Spend enough time in the Greenlandic wilderness and everything starts to take on a cinematic quality. Inky waters roiling with dolphins seem like they should be scored by the soaring strings of an orchestra. Cathedral-sized icebergs, like colossal sparkling geodes, pass gracefully in the manner of silent film stars. Everything looks like opening credits; a slow-motion, sunburst-speckled panorama of the most picturesque sort.
Which makes obscenely alluring Greenland the perfect place to learn how to take a half-decent photograph. As part of Natural World Safaris’ new RAW itineraries – designed to take guests as far as possible off the beaten track of much-loved destinations – my 10-day trip has thrust me deep into the beguiling fjord system of Scoresbysund on the country’s wild east coast.
Although on a map it looks like nothing more than a shark-bite snatched out of the land, the area is actually larger than the whole of Iceland, with many of its tendril-like fjords having never been explored by a commercial vessel like ours.
Fortunately, and to ensure we do this pocket of ice-encrusted wilderness the aesthetic justice it deserves, professional photographer Andrew James is also accompanying our small group, to help us (well, me – most of the other guests seem to know their way around a tripod) get to grips with shutter speed, aperture and white balance as our fingers freeze.
We spend our days on board the M/S Freya, a small but well-appointed 11-cabin ship, captained by Bengt Wiman, a crinkly-eyed, snow-bearded Goteborg native who describes his ideal adventure as a leisurely sailing trip through the Outer Hebrides. When we’re not cruising through the dazzling ice, we pile into small zodiacs steered by our intrepid guides Beau, Hadleigh and Jens (Canadian, British and Swedish respectively, whose stories of polar bear encounters and near death experiences in the Arctic keep me goggle-eyed over dinner each night). We weave through tapestries of electric blue icebergs before striking out onto the earthy tundra to hike or search for mighty musk-oxen to photograph.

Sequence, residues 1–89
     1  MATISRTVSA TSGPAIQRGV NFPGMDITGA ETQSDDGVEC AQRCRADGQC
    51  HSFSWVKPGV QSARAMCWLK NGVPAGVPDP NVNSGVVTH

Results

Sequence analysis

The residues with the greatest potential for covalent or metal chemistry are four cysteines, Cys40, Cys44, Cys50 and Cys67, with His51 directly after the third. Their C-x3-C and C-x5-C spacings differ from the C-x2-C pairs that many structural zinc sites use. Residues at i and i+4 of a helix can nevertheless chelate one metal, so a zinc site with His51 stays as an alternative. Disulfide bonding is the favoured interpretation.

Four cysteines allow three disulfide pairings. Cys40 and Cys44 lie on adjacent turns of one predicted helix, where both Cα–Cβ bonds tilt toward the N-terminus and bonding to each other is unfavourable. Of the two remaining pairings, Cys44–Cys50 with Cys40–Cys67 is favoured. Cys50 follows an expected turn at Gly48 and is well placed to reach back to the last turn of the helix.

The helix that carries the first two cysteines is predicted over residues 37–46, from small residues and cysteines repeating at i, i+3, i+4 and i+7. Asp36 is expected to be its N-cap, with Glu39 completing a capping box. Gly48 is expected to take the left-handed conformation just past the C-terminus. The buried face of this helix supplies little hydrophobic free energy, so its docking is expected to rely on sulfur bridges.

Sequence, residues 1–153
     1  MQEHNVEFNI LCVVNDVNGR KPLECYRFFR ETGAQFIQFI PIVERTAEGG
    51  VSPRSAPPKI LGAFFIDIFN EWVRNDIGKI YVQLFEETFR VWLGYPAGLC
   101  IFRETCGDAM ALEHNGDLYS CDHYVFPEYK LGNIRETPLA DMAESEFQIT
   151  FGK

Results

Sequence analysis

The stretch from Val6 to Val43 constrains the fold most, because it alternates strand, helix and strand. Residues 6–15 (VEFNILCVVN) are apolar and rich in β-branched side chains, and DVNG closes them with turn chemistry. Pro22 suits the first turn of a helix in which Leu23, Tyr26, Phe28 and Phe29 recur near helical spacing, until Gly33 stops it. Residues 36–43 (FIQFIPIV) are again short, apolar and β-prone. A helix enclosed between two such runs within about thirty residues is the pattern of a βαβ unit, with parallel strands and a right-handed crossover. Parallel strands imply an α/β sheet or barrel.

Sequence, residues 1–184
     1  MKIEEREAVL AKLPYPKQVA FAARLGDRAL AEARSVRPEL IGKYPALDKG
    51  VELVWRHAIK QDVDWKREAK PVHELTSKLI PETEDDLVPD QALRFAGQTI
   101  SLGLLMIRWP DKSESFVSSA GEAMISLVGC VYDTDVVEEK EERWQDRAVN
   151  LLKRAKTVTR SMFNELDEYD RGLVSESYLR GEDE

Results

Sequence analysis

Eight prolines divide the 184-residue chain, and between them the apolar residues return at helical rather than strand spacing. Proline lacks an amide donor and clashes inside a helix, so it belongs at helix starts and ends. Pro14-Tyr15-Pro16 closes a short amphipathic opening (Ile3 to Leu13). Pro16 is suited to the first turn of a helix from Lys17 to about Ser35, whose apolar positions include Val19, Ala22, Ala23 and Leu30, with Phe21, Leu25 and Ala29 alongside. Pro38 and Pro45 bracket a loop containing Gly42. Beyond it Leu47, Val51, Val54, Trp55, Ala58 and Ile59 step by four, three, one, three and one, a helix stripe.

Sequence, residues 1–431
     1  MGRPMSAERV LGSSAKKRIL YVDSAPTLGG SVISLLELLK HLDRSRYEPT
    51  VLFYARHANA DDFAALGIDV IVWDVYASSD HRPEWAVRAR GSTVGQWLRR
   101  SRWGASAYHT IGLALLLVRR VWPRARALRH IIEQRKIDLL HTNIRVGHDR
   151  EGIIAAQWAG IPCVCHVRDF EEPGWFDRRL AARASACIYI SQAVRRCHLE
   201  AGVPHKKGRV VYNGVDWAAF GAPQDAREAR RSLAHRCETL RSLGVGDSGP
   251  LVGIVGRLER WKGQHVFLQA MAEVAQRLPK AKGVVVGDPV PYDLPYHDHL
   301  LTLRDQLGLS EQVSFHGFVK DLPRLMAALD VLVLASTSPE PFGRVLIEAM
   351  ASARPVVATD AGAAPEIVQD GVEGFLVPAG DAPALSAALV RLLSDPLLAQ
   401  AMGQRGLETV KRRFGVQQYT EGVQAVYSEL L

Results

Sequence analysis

But what’s perhaps the most beautiful is what happens when nothing much happens at all. Alone on deck, as the soft wind whispers through my tangled hair, I simply stand and watch as huge forts of ice float quietly through the doldrums – the ghosts of the old Inuit hunters that once glided across these waters peppering the air.
This, it transpires, is not the easiest task. The skittish animals – that look something akin to overgrown ewoks crossbred with highland cows – are still hunted by local inuits. So getting close enough to frame them in a camera lens can be tricky. Over grounds littered with arctic fox dung, amethyst-coloured fireweed and bleached oxen skulls, and with the low rumble of icebergs calving like thunder in the distance, we stalk the beasts – ducking behind rocks and even lying flat on our bellies to disappear into our surroundings. Eventually, and after much practice, we get close enough to photograph the animals, the amber-hued evening light cloaking their fur with a rich glow.
Wildlife photography, I discover, is a hit and miss affair. Humpback whales, when we meet them slap bang in the middle of the Denmark Strait – the tempestuous body of water between Iceland and Greenland – are frustratingly difficult to capture: their bulbous white bellies hanging too far below the surface to do justice to in a photograph, their flukes flashing too fleetingly to capture. The birds, however, are much more willing to co-operate. The low swoop of an arctic tern over the blue-black ocean makes for a beautiful shot, I discover (when I get my camera settings in order). As do the tiny flocks of little auks, bobbing about on the waves like flotsam, or perching in the crevices of moon-white icebergs. Gannets dive for fish in picturesque fashion – their sleek feathers offering up tiny bubbles as they plunge into the depths. Gulls battle mid-air for scraps too, their beaks like tiny jousting swords. Nature, certainly of the winged variety it seems, is quite happy to pose for my camera.